In London, we saw a play called "Art" about a man who buys an expensive all–white painting. The owner is enthralled by his new purchase, whereas his best friend is appalled at squandering a fortune on what he sees as "junk." In a flash their decades–long friendship is savaged by insults and hurtful truths while the qualities that held it together all those years are forgotten.

     The dialogue sounded way familiar.

     It was impossible to watch the play without thinking on how common it is to become petulant with friends, lovers, and family by arguing over things that simply don't matter. The way out is to learn–through mutual practice––that most things couples suddenly clash over are not worth the energy. The sooner we can see such squabbles as ridiculous the sooner we can return to reality. The argument is nothing but a diversion.

     The reality is that coupled partners love each other and have made a commitment. The unpredictable lessons glimpsed during flare–ups have to do with discovering yet another way in which you react with the person you've chosen to spend your life with. It's a mutual lesson.

     In the play, the relationship is restored through an act of trust when the friend who thinks the painting worthless is invited to drawn on it with a magic marker, thus ruining what the other person sees as his priceless property. Real life may or may not be so dramatic, but next time you feel like killing your other half, take care you don't kill yourself as well.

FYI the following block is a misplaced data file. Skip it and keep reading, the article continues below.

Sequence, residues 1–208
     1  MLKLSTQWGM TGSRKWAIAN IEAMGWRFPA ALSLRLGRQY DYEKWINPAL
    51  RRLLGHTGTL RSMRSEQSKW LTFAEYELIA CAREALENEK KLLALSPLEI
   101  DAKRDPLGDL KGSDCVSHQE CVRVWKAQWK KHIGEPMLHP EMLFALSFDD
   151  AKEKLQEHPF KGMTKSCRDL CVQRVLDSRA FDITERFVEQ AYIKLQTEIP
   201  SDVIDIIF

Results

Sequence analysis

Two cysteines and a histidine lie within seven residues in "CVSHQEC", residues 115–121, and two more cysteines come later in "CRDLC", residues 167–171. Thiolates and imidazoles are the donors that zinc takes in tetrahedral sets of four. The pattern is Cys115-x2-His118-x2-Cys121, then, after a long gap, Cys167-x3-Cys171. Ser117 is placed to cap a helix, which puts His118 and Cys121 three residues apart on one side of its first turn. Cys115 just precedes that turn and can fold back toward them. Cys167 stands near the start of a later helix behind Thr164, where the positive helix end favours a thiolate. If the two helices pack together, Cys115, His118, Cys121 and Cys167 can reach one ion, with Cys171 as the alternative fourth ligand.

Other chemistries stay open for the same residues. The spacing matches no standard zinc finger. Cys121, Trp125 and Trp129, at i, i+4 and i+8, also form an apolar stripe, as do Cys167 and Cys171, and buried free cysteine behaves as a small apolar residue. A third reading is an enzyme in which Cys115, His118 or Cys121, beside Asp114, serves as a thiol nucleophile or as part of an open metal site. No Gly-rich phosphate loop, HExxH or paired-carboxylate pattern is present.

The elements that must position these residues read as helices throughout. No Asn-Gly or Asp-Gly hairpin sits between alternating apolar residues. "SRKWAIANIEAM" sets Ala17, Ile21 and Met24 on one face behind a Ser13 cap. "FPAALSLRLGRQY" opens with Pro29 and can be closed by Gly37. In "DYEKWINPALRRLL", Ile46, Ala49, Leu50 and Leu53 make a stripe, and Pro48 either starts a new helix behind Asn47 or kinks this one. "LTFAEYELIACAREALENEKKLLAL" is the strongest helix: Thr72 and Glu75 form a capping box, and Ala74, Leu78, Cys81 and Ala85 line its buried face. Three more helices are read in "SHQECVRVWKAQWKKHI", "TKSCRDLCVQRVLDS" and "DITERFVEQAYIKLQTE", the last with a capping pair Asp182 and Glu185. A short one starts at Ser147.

Lovers are a mix of similarities and differences; it is equally true to say that opposites attract as it is to call lovers peas in a pod. I said before that the beloved is a magic mirror who tells us we are the fairest of them all. But they are a dark mirror, too, that also reflects our faults. It is easy to get angry and annoyed when we see our bad parts, but there is no escape from the mirror.

     Your heart knew what it was doing when you fell in love, but it takes time for the mind to catch up. Until the ego learns to get out of the way and relaxez–vous, it's always being surprised. The mind is slow to learn what the swift heart beholds at every turn, and from this truth there is no escape either.